Borrowing Priceless Items Without Permission | Kitzur Shulchan Aruch Notes

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This piece is part of the Kitzur Shulchan Aruch Notes series.

This piece is in commemoration of the 5th yahrzeit (anniversary of passing) of Rabbi Zalman Schachter-Shalomi — a soul whom I never met, but who I couldn’t help but feel knew me whenever I study his teachings.

Siman/Chapter 9, Part 1: Tzitzit

For those who know me know that the mitzvah/commandment of tzitzit (“zeet-zeet”) is one close to my heart and beginnings in the Jewish faith.

As an overview, the Torah commands Jewish people to don four fringe tassels on the corners of their four-cornered garment also known as a tallit (“tah-leet”). There are two types of talitot (“ta-lee-tote” — the plural version). There is a tallit katan (“katan” meaning “small”), a smaller, undershirt-sized poncho-like garment typically worn underneath their regular shirt daily. There is also a tallit gadol (“gadol” meaning “big”) which is also known as a prayer shawl. This is what you’ll see worn by Jews during morning prayers.

A tzitzit fringe is made of four wound wool strings that are run through holes in the four corners of the tallit katan or tallit gadol. These strings are folded in half, making the appearance of eight strings that are knotted and wound in a method containing ritual numeric significance. The knotted and wound section make up about a third of the overall fringe that is approximately a foot long.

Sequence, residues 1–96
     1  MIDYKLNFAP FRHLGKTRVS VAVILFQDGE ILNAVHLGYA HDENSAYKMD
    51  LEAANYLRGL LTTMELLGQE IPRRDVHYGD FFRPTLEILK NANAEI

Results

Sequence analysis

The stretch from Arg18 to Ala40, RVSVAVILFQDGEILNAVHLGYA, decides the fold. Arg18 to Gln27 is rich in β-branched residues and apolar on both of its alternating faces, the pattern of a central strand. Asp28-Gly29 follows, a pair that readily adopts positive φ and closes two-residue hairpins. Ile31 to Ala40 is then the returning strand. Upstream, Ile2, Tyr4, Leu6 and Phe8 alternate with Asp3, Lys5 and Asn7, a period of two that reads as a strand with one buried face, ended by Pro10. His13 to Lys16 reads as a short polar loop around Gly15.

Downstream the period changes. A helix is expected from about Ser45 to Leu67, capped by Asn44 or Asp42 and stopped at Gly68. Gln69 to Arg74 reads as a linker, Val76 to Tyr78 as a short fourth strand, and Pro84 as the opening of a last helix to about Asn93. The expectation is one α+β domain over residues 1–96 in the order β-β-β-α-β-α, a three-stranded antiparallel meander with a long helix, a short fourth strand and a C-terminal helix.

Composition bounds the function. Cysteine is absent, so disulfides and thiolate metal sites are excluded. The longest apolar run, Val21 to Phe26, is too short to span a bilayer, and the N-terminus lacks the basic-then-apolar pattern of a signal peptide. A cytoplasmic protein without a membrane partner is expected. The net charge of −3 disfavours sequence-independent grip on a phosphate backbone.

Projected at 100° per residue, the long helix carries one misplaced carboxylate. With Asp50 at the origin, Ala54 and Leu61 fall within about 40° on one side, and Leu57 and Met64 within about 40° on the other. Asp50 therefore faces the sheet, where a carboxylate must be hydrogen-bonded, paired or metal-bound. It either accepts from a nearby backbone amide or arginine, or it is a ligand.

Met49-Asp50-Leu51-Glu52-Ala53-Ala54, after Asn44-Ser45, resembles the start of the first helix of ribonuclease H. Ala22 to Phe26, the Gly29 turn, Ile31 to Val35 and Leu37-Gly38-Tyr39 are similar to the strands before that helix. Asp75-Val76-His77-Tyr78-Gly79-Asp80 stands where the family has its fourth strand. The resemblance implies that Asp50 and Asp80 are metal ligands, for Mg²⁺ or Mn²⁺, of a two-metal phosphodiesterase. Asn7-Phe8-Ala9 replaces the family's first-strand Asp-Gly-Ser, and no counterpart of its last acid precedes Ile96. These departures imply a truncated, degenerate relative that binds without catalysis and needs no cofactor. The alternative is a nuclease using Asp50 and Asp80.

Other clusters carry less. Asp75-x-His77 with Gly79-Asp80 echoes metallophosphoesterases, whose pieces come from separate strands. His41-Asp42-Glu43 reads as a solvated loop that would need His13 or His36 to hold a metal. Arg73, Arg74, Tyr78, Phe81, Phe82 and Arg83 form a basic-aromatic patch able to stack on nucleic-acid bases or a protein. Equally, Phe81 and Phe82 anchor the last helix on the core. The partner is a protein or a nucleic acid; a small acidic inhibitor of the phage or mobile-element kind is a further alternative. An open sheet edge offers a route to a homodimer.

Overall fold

The purpose of the tzitzit is to be a visual reminder to a Jewish person of the commandments of the Torah.

“And you will look upon it and you will remember all the mitzvot (commandments) of Hashem (God).”- Numbers 15:39.

In the Kitzur Shulchan Aruch, there are many requirements of tzitzit.

– The hole of the tzitzit should be no more than three thumb-breadths from the corner and no less than one thumb-breadths so that it is still considered the “corner” while not being so close to the edge that it may be easily torn off. – Even if the hole is ripped after the tzitzit was tied to the garment, it’s ok — as long as it was tied in the proper place when first tied. – If a tzitzit is torn completely off, it must be untied and re-tied through the mended hole — not merely having the hole mended around the existing loop. – You should check your tzitzit before putting them on to make sure they’re in good shape and not tangled. One exception is if you’re running late for prayers. – Before you put on a tallit gadol, you should utter the blessing of “al’mitzvat b’tzitzit” — “concerning the commandment of tzitzit.” – Before you put on a tallit gadol, you should put it over your head, utter the blessing of “l’hita-tef b’tzitzit” (“to enwrap ourselves in tzitzit”) while throwing the corners over your left shoulder up to your neck and wrap yourself in the manner of the Arabs.”

It’s customary to keep the tallit gadol over your head for four seconds. I never quite understood this until I saw the late Rabbi Zalman Schachter-Shalomi, ob’m, do so. The way he did so was as though he was giving his tallit gadol—and by extension, his Creator — a loving hug. I continue to practice this mostly due to the way this action struck me.